The Science of Illusions
Translated by Franklin Philip
Jacques Ninio, an international authority on visual perception, here explores the fascinating world of illusions. His book features a stunning array of illustrations including many images seldom seen in books on the topic. The art ranges from classical illusions inspired by rainbows, mirages, and other oddities of nature; to figures from seventeenth-century physics texts which Ninio himself unearthed; to spectacular new illustrations in which motion is perceived in fixed images. Clearly and engagingly written, the book advances human understanding of phenomena that puzzle our vision or confuse the other senses.
For the nonscientist, illusions show that the senses are unreliable. Ninio demonstrates that paradoxical images and auditory effects are in fact clues that reveal the methods used by the brain to interpret sensory data. He gives examples of the various types of illusions, explains their underlying logic, and shows their value for neurological and physiological research.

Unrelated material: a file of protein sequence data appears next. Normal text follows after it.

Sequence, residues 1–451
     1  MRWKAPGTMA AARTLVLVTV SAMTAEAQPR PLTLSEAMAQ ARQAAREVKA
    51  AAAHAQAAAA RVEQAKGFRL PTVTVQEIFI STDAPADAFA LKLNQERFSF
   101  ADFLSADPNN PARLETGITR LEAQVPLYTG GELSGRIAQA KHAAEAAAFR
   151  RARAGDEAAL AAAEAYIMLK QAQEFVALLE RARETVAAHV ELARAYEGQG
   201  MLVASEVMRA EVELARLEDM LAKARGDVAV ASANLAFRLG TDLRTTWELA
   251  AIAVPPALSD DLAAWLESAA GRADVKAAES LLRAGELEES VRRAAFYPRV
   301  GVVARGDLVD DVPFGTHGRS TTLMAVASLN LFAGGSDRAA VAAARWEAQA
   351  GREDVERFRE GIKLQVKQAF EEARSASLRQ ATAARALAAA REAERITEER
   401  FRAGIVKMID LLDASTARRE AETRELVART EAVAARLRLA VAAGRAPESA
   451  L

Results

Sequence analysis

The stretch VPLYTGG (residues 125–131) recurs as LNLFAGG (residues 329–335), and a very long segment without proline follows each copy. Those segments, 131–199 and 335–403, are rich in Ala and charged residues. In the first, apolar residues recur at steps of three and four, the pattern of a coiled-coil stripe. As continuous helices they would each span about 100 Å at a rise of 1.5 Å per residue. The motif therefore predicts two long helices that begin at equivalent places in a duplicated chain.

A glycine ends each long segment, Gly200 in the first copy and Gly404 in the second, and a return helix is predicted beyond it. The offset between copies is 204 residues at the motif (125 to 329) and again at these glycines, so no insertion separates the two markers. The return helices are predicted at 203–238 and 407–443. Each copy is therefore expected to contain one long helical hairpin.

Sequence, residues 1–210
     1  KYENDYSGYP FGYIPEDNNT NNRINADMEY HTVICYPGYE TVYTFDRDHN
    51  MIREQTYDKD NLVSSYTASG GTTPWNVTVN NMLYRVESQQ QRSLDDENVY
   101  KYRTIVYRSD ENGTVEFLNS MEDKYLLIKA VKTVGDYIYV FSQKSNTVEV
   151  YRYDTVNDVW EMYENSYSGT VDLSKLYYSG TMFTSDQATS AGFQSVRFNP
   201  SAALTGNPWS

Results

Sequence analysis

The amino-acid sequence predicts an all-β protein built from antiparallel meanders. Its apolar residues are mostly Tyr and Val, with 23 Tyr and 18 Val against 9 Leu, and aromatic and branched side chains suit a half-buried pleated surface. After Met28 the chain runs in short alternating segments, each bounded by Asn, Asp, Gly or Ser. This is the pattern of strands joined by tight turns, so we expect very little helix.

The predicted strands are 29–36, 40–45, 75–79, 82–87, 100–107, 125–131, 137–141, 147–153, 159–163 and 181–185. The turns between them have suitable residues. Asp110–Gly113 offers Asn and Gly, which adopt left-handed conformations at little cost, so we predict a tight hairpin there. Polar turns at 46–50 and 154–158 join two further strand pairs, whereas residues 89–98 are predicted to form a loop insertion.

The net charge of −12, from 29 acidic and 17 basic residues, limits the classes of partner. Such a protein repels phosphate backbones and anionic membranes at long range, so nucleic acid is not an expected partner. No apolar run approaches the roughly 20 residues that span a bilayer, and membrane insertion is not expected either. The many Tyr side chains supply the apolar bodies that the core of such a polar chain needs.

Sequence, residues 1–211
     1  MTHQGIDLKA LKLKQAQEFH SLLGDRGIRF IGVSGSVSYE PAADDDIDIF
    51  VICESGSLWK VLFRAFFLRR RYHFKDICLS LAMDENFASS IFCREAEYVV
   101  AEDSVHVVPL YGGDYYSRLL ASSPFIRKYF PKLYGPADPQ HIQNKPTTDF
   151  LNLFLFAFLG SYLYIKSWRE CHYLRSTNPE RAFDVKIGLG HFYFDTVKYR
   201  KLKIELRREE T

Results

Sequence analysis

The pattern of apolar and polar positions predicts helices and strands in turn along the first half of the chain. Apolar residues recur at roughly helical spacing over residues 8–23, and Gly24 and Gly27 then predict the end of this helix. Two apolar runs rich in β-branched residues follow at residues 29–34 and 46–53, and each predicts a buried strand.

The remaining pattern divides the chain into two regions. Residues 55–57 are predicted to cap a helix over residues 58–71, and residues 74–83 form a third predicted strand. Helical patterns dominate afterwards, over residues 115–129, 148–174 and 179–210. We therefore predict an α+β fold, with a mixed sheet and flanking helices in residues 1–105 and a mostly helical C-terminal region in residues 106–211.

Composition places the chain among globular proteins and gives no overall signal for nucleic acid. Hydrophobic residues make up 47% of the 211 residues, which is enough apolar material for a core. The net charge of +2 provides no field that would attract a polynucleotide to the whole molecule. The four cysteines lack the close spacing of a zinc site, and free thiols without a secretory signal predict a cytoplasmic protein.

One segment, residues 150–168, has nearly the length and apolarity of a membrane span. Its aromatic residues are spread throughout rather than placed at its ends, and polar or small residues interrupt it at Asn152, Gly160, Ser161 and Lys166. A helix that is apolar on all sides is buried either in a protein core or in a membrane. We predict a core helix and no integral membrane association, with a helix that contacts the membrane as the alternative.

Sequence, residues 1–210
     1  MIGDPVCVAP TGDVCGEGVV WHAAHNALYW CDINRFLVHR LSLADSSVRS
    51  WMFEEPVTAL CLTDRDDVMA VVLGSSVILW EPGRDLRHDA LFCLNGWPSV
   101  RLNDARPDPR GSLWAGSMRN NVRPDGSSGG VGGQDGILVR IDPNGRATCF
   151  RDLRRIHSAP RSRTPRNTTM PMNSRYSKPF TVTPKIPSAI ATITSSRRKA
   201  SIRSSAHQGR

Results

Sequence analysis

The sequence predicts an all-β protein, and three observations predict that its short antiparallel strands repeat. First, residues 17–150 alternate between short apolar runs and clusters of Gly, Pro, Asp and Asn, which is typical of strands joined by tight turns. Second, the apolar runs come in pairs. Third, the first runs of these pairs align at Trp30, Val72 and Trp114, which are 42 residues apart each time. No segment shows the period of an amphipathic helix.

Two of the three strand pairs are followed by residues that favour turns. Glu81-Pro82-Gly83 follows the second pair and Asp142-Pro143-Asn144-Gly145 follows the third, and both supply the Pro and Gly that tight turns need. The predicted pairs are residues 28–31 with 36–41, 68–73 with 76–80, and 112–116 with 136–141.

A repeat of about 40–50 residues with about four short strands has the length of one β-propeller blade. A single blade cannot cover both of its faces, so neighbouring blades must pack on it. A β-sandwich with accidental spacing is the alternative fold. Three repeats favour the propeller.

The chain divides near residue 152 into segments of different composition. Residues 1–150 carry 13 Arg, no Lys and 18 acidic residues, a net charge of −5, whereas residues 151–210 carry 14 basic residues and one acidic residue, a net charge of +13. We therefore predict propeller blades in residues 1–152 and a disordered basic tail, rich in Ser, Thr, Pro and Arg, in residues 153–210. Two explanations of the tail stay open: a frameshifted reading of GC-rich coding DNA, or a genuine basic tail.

Ninio also considers the reasons people have, for centuries, created illusions. He discusses the long history of scientific and philosophical scholarship involving these phenomena and provides insights on their cultural significance. Ninio's richly rewarding book will satisfy professional scientists and readers of popular science alike.